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Helen of Troy’s Drug Therapy: Odyssey 4.219–34 | “There’s Magic in the Web of It”: Othello’s Hankerchief and Helen of Troy’s Drug

Stephen Rojcewicz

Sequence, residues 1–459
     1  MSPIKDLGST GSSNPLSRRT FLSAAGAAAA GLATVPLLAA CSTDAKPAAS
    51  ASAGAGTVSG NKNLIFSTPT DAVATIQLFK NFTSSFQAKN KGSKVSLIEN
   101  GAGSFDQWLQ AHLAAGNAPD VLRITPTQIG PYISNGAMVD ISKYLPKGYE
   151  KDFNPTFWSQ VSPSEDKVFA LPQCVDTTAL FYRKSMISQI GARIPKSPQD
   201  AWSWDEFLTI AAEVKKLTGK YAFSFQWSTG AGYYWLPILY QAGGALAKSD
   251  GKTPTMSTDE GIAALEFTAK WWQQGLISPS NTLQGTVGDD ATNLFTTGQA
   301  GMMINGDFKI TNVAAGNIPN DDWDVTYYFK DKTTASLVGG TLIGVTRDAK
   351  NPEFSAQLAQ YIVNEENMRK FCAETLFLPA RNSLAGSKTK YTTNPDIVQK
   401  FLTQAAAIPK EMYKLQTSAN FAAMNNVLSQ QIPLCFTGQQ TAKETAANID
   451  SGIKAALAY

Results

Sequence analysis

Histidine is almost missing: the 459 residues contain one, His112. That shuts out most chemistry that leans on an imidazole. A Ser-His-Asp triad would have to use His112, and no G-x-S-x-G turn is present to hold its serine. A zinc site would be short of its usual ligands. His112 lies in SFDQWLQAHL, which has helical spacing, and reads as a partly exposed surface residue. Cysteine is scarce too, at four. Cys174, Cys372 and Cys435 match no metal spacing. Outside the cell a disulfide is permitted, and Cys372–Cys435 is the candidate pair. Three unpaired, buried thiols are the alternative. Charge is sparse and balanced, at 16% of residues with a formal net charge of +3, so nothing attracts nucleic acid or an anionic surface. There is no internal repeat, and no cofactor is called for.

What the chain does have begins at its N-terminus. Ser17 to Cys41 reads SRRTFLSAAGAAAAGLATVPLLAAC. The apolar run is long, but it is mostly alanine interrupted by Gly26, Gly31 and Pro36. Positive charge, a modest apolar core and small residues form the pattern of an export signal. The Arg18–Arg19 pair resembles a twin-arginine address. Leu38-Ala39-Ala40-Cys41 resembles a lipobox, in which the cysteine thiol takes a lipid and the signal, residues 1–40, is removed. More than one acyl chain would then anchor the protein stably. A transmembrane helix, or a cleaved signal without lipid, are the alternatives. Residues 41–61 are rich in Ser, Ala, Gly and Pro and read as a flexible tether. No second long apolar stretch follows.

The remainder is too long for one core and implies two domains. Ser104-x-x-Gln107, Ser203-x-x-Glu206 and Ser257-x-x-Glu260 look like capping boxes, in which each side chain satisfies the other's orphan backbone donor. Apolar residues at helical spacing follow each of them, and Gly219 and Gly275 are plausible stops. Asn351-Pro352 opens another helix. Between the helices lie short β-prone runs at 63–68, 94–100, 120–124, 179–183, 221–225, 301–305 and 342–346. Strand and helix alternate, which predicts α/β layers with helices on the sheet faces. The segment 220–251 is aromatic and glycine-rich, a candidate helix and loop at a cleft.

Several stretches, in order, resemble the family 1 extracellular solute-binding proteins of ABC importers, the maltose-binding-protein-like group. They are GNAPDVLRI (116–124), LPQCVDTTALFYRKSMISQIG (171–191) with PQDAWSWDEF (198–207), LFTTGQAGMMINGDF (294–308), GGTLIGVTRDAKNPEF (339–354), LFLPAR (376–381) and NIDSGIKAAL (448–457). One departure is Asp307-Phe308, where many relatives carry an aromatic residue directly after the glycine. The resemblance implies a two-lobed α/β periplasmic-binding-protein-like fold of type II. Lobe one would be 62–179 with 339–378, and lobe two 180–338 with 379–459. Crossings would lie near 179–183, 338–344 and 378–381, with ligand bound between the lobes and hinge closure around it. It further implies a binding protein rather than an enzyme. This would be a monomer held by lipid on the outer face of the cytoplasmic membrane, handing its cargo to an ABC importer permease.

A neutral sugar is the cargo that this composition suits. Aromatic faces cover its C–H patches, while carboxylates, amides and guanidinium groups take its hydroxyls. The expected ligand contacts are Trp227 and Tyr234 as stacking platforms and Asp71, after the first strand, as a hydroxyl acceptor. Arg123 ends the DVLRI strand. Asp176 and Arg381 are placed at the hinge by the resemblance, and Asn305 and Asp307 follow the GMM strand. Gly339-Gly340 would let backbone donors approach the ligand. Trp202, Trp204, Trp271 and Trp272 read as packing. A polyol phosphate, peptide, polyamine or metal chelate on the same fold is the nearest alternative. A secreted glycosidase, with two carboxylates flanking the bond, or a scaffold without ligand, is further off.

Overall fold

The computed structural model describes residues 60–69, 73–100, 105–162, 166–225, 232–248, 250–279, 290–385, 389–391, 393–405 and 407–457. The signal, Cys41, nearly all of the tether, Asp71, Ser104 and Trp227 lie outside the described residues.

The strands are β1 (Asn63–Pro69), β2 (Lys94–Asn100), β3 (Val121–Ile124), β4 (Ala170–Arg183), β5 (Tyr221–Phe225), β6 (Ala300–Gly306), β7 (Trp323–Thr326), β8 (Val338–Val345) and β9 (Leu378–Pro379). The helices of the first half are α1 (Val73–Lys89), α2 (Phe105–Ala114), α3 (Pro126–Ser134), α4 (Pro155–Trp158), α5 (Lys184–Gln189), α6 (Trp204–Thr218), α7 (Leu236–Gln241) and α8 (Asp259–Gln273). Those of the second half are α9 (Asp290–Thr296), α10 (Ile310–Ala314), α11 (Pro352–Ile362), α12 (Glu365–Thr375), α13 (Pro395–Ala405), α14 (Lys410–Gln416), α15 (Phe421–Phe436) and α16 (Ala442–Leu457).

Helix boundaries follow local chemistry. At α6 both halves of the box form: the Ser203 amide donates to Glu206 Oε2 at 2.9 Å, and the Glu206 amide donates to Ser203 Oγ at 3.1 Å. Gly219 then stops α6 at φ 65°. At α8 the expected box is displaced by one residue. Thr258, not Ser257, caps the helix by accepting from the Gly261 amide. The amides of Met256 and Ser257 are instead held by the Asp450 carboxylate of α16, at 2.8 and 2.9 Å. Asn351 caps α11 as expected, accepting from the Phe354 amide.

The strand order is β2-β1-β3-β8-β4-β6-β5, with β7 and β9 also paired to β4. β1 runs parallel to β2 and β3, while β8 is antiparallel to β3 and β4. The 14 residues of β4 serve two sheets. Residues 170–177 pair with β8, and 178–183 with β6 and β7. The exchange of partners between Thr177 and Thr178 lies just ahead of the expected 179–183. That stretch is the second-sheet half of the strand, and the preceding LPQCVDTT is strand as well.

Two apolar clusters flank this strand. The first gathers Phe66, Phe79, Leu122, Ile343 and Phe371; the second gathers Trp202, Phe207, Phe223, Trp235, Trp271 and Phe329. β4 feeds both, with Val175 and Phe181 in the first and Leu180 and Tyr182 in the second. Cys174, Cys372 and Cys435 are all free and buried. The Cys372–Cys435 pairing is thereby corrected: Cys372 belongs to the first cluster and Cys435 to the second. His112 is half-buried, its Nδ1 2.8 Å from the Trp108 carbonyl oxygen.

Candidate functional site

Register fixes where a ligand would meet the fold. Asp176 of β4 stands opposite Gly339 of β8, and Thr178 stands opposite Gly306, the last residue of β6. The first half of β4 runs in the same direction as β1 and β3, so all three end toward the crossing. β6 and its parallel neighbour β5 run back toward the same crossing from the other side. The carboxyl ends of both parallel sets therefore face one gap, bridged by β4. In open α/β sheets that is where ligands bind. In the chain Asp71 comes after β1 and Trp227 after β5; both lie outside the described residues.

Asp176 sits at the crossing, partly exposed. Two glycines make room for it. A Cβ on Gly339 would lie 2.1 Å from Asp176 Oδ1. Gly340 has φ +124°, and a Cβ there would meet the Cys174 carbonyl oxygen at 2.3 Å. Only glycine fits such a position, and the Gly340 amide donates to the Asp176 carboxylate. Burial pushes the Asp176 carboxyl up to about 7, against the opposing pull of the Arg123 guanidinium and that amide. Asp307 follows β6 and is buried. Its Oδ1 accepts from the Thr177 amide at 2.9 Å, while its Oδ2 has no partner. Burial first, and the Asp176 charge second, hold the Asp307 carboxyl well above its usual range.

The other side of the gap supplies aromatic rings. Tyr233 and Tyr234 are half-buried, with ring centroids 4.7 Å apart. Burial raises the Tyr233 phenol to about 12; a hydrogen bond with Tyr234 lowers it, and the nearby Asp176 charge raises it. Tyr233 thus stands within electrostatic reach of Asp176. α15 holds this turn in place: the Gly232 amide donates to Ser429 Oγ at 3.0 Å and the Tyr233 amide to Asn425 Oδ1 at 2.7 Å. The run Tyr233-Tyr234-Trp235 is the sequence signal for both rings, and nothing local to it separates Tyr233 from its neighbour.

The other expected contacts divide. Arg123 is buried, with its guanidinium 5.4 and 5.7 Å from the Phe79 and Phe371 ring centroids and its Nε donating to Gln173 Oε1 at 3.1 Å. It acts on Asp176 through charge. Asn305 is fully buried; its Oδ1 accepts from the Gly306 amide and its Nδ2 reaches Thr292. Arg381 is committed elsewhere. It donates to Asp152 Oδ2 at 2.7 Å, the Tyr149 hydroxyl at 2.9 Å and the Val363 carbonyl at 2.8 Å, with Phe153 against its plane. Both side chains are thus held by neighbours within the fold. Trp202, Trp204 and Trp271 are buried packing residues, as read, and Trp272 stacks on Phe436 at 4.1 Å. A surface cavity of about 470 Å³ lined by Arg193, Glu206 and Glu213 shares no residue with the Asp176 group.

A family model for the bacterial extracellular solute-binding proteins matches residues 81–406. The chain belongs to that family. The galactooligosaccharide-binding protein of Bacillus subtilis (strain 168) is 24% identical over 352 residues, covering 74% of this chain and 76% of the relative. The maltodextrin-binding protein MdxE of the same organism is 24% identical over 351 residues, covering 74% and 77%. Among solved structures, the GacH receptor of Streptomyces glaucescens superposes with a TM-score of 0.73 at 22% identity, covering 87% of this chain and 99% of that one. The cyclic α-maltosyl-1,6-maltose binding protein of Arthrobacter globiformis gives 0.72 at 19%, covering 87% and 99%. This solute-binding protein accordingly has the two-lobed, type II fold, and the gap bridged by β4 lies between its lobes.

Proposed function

At the beginning of Book 4 of the Odyssey, Telemachus, accompanied by Nestor’s son, Peisistratus, has arrived at the palace of the Greek leader Menelaus at Sparta. Telemachus is in search of information about his missing father, Odysseus. The earlier books of the Odyssey, except for indirect references and the introductory few lines, do not depict the ordeals of the hero Odysseus, but primarily deal with his son, Telemachus, only an infant when Odysseus left for the Trojan War. By now Odysseus has been gone for approximately twenty years, and Homer depicts Telemachus as grieving, depressed, weeping, insecure, anxious, and confused. Athena, appearing to Telemachus in Book 1, encourages him to travel, seeking knowledge about his father. Guided by Athena, Telemachus first lands in Pylos, where the wise hero and counselor Nestor sends Telemachus to Menelaus and Helen at Sparta, so that Telemachus can learn the truth about his father.

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